Roodekrans Black eagle project

According to Gerald Draper, chairperson of this project, urbanisation has had a major influence on the survival of these eagles. Their diet consists mainly of rock rabbits (dassies), but as a result of declining dassie populations, they now mainly feast on guinea fowls. Because of housing developments in the area the eagles’ range for finding food has shrunk to such an extent that they have to fly vast distances to find food. Emoyeni, the female of the pair of eagles living on the cliffs of the waterfall at the Walter Sizulu Botanical Gardens, is already about 35 years of age, while research references estimate their average age at 30 years. In February each year, the eagles start tidying up their nests, and eggs are laid in April or May. Only two chicks hatch, of which only the strongest survives. The survival rate is only about 20% (Wes-Beeld, 13 March 2015).

Be kind to bees by knowing which alien trees to axe: Gum trees provide nectar and pollen for swarms of commercial bees – and bees in turn pollinate about 50 food crops. The ‘service’ bees provide is worth about R10.3 billion per year. Nectar provides carbohydrate in the bees’ diet, and pollen, the protein. Because healthy bee populations depend on gum trees, if they were all removed, it would mean a serious shortage of food for bees. Only six gum species (e.g. Eucalyptus grandis, or Saligna gum and Eucalyptus sideroxylon, or Iron bark gum) are listed on the NEMBA list of invasive plants. These should go, especially from areas that are at risk of fire. According to Guy Preston, Deputy Director-general in the Alien and Invasives Department, “Blue gums are one of the invasives that are a problem, but it depends on where they are. A group of blue gums around a Free State farmhouse surrounded by wheatfields have nothing to invade to” (The Star, 20 February 2015). Remember - The NEMBA Regulations and lists of alien and invasive species are available at or This email address is being protected from spambots. You need JavaScript enabled to view it. (Declared Weeds & Invader Plants).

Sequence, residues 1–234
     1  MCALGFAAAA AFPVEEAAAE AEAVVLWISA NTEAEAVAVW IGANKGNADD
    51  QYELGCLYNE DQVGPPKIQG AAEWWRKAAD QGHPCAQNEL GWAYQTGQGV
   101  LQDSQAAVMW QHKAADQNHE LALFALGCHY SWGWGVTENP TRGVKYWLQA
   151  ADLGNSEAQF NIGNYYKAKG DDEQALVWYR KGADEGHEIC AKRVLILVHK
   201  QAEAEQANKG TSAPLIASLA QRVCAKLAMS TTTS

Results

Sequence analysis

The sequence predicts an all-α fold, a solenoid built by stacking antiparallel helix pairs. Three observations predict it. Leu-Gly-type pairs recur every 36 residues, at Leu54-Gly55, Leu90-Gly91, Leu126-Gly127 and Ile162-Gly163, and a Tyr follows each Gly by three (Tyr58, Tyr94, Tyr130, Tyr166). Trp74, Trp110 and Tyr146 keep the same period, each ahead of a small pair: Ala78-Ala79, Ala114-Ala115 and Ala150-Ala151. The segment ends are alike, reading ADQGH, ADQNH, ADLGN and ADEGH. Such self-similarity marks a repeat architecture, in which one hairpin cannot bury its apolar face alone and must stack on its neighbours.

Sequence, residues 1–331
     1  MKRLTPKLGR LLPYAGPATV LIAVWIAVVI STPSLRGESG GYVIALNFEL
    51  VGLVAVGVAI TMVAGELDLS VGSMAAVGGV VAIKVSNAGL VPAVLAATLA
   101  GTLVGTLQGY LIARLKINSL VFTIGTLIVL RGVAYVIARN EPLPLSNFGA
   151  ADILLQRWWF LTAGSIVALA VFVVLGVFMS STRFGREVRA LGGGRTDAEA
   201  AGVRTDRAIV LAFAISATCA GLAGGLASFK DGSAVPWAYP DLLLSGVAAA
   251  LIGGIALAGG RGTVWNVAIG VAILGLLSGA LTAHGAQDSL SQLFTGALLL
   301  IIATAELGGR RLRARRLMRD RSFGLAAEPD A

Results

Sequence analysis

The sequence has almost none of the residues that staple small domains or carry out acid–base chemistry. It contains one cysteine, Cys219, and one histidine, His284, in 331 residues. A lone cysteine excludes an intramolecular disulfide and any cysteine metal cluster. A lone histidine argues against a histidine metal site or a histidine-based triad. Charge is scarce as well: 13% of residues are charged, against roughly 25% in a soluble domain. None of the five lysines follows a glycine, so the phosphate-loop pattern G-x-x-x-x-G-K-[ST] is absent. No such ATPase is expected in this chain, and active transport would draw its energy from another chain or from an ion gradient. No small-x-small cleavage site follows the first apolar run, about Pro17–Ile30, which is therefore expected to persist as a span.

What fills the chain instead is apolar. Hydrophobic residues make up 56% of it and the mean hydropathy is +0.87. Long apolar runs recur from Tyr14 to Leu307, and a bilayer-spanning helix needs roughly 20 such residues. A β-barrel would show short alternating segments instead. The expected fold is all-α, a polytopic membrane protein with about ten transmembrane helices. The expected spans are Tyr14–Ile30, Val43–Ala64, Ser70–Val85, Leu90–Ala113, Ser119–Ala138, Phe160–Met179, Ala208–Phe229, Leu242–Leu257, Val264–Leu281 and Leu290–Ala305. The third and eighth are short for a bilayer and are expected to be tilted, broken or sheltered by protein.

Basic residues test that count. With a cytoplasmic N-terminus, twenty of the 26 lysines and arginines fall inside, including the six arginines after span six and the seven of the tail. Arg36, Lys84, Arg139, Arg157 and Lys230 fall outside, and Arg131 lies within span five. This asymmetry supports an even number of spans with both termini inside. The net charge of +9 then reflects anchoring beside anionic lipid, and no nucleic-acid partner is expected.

Bamboo presents an eco-friendly solution to the deforestation of the earth and the depletion of our natural resources. Bamboo grass plants are a completely sustainable resource because they are naturally anti-bacterial and grown without pesticides or fertilisers. The plants grow in both wetlands and arid conditions, utilising less water and rejuvenating up to 35% more oxygen than the equivalent tree forest land.